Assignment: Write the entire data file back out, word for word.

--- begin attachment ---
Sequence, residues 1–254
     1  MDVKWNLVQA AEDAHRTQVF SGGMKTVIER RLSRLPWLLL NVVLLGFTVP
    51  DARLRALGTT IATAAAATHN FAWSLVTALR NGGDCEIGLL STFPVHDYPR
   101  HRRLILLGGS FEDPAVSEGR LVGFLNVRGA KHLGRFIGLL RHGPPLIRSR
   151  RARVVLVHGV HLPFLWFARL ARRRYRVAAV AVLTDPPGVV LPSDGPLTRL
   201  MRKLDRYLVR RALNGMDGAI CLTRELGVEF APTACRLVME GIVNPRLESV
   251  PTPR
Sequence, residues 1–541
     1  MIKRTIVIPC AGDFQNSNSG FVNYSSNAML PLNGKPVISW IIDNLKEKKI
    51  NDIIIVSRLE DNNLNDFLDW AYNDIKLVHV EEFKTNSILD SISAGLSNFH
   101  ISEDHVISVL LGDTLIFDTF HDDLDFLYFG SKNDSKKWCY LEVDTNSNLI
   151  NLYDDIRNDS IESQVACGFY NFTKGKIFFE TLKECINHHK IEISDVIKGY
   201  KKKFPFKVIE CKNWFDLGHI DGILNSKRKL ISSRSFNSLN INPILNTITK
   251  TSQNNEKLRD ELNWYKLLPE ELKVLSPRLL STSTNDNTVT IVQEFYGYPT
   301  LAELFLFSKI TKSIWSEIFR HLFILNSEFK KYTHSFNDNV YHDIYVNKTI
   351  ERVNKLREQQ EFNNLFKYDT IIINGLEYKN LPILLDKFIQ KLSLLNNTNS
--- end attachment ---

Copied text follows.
Sequence, residues 1–254
     1  MDVKWNLVQA AEDAHRTQVF SGGMKTVIER RLSRLPWLLL NVVLLGFTVP
    51  DARLRALGTT IATAAAATHN FAWSLVTALR NGGDCEIGLL STFPVHDYPR
   101  HRRLILLGGS FEDPAVSEGR LVGFLNVRGA KHLGRFIGLL RHGPPLIRSR
   151  RARVVLVHGV HLPFLWFARL ARRRYRVAAV AVLTDPPGVV LPSDGPLTRL
   201  MRKLDRYLVR RALNGMDGAI CLTRELGVEF APTACRLVME GIVNPRLESV
   251  PTPR
Sequence, residues 1–541
     1  MIKRTIVIPC AGDFQNSNSG FVNYSSNAML PLNGKPVISW IIDNLKEKKI
    51  NDIIIVSRLE DNNLNDFLDW AYNDIKLVHV EEFKTNSILD SISAGLSNFH
   101  ISEDHVISVL LGDTLIFDTF HDDLDFLYFG SKNDSKKWCY LEVDTNSNLI
   151  NLYDDIRNDS IESQVACGFY NFTKGKIFFE TLKECINHHK IEISDVIKGY
   201  KKKFPFKVIE CKNWFDLGHI DGILNSKRKL ISSRSFNSLN INPILNTITK
   251  TSQNNEKLRD ELNWYKLLPE ELKVLSPRLL STSTNDNTVT IVQEFYGYPT
   301  LAELFLFSKI TKSIWSEIFR HLFILNSEFK KYTHSFNDNV YHDIYVNKTI
   351  ERVNKLREQQ EFNNLFKYDT IIINGLEYKN LPILLDKFIQ KLSLLNNTNS